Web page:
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Starting at approx. 4PM EDT today, I began to see high packet loss on 3 of 4 connections I'm monitoring. Attached are a couple example RRD graphs from smokeping, showing loss to 126.96.36.199 (Google Public DNS) and a perfectly normal connection to a third party VPN service's IP that appears to be unaffected.
Could someone please look into this issue and see if there's anything wrong with connections in Westland, MI? A friend of mine who is connected to the same node is also running smokeping and sees even more loss than I do. I can provide some MTRs if needed as well.
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If you are using a flavor of Windows, could you run some native Windows OS traces please. And don't trace to any DNS servers as many, if not most of them de-prioritize / rate limit ICMP packet based ping probes.
Sorry, I don't have any Windows boxes available to test from. As for the trace to Google DNS, I was seeing the same packet loss there as I was on other traces to a couple of my webservers, so I highly doubt their server is simply rejecting ICMP packets. The loss has at this point subsided, but I have a feeling that it will return later today. Please see the attached graphs showing a period of loss to two of my webservers, 1 in Dearborn, MI and 2 in Quebec, and another graph showing loss over the same period to 188.8.131.52.
I'm going to be keeping an eye on this throughout the day. Yesterday, the loss began promptly at 4PM. I'm interested to see if the loss shows back up.
My friend did contact Comcast support, and was able to speak with a higher level technician, who did indeed see issues on the side of Comcast's network. Unfortunately, the technician also said that until both my friend and I have a truck rolled out to our apartments, Comcast won't look into the issue upstream from us. If you could forward this on to some senior engineers, I'd appreciate it.
I live just a couple miles away from Alan in Westland, MI, and my internet traffic is having the exact same issues.
Below is a series of smokeping graphs that were taken from my apartment. The first one is to Google DNS. The second is to the same server based in Montreal, QC, Canada. The third is to a VPN server in NYC. Notice how the packet loss is significantly less to the NYC server.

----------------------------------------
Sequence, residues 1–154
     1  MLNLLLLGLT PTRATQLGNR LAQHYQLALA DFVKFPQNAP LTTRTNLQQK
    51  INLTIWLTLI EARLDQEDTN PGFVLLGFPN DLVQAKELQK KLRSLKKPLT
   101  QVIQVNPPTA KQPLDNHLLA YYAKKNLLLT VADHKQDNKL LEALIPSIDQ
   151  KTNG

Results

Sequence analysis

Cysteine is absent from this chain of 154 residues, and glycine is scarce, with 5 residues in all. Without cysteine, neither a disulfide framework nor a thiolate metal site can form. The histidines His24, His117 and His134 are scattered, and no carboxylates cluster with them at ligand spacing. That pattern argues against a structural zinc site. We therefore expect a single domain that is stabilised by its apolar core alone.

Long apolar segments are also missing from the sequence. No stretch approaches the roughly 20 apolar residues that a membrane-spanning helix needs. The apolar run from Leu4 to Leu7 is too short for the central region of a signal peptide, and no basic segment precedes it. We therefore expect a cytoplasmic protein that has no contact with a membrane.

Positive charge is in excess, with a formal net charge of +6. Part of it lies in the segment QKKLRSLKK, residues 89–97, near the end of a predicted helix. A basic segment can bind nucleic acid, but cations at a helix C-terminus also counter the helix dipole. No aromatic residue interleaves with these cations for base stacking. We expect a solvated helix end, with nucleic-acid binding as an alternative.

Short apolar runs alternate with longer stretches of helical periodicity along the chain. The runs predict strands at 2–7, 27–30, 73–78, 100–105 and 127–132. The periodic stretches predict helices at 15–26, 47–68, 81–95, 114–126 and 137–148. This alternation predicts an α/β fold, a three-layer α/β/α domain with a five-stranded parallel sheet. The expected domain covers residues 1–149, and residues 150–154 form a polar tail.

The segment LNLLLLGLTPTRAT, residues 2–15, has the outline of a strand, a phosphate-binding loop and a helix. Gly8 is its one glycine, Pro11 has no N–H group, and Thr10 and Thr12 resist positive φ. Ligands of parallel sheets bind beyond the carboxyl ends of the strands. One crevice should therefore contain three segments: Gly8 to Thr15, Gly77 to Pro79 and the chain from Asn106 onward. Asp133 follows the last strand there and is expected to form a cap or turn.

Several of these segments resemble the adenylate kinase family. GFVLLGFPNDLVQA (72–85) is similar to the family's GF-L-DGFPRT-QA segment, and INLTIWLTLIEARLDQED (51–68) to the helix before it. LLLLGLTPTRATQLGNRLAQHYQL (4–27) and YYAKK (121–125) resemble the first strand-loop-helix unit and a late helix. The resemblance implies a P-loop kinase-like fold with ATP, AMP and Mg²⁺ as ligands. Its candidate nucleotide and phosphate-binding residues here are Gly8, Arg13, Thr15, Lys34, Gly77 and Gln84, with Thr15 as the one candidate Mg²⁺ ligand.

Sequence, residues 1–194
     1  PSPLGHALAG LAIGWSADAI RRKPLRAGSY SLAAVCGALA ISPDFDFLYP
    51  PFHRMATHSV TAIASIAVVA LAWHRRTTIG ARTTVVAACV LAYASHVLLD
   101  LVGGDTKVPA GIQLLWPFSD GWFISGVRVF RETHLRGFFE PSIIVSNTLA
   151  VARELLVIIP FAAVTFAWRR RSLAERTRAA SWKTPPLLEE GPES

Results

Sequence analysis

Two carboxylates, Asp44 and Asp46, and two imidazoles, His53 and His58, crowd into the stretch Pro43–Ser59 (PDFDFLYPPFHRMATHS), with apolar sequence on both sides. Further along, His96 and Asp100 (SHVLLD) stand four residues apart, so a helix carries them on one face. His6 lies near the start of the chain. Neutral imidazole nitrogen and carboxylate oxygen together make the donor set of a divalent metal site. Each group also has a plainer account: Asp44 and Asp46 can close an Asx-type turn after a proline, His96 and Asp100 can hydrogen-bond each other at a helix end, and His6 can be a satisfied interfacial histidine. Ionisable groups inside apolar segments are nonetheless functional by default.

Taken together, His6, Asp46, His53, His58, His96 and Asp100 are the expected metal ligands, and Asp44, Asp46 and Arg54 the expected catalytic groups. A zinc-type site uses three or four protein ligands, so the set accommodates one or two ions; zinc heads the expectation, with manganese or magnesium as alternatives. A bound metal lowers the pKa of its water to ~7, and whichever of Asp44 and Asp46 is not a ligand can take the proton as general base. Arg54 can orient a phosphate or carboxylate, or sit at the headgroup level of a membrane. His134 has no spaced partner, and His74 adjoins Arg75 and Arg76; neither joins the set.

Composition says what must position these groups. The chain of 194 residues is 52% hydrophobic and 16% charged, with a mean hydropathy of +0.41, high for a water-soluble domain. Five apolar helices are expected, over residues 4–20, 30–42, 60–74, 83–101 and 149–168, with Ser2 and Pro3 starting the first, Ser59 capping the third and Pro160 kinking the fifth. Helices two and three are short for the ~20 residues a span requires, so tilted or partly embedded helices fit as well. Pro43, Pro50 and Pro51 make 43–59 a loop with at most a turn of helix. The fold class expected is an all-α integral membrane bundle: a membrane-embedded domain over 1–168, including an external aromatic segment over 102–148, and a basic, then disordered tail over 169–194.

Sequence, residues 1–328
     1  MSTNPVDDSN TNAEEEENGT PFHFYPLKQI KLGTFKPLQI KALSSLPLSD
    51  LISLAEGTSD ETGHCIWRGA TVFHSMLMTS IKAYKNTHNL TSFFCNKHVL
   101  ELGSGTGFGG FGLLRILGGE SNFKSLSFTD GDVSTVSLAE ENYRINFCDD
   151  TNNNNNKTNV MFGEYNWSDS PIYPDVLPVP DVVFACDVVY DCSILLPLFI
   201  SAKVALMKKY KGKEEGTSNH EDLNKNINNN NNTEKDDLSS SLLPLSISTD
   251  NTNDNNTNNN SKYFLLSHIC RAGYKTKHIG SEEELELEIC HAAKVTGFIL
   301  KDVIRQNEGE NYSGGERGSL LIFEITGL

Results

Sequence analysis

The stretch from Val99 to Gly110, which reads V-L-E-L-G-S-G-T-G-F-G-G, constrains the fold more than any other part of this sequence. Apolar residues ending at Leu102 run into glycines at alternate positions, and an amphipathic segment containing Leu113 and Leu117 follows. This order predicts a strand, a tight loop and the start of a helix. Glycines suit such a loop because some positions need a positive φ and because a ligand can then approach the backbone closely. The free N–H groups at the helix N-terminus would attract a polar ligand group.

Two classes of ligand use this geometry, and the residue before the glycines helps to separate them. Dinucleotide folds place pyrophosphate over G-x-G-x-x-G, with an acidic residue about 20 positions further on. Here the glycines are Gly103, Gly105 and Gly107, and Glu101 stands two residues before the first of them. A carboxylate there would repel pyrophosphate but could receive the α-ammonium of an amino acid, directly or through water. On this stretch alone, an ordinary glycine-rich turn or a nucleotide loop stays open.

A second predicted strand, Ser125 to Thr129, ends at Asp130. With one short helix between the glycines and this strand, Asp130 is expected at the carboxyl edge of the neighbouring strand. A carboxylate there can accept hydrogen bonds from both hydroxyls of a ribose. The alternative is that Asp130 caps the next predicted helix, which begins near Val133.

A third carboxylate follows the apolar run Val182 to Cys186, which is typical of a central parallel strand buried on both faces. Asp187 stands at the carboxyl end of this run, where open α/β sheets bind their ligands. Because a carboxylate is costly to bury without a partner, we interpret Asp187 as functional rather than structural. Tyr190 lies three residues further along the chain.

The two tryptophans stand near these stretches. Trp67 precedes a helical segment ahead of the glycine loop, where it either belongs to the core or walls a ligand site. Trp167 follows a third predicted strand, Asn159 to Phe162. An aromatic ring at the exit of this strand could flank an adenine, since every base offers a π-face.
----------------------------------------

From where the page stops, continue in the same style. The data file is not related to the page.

EG - May I ask why a traceroute from a Windows box is preferred? I've always found the MTR tools in Linux-based operating systems to be more detailed, and I don't run any Windows-based systems at all, only Mac and Linux systems. I work for a datacenter and major web hosting company and we utilize MTR to assist with the diagnosis of network and internet issues if they ever arise.
I will be adding additional smokeping monitors to my setup to get a better picture of what is going on. I did speak with a Tier 2 Technician with Comcast and he did state that there was some sort of interface failure reported on the CMTS locally in Westland, MI, but was unable to provide me any details on whether there is already a fix planned. Additionally, a CMTS failure doesn't really make sense given the circumstances, it seems that the issues happen when the traffic reaches Chicago (350 Cermak) according to MTRs. The Comcast technician did schedule a technician to come out to my residence, but I'm confident that the issue lies beyond my residence in Comcasts equipment.
O/k cybergeek2021 I'm going to try escalating your ongoing issue to the Comcast corporate employees that are available to these boards. You should get a reply here in your topic.
Good luck with it !
Looks like it's time for an evening update. I took a traceroute this morning to 184.108.40.206, which showed no loss on the way there, or to the IP itself. I've begun to see minor packet loss on the same trace at this time. Looks like hops 4-6 are starting to see high load. Assuming things go the same as they did last night, I should start to see an increase in loss as more traffic starts to flow through those hops. Timing seems to be consistent with when folks would be getting home from school and work. Attached are some screenshots.
Attached are some more smokeping graphs. Looks like it's now prime time for packet loss. Notice how some tests, like to comcast.com and a VPN server in New York, see little to no packet loss. The issue continues to be present on only some routes. I can upload MTRs to each of these addresses if requested.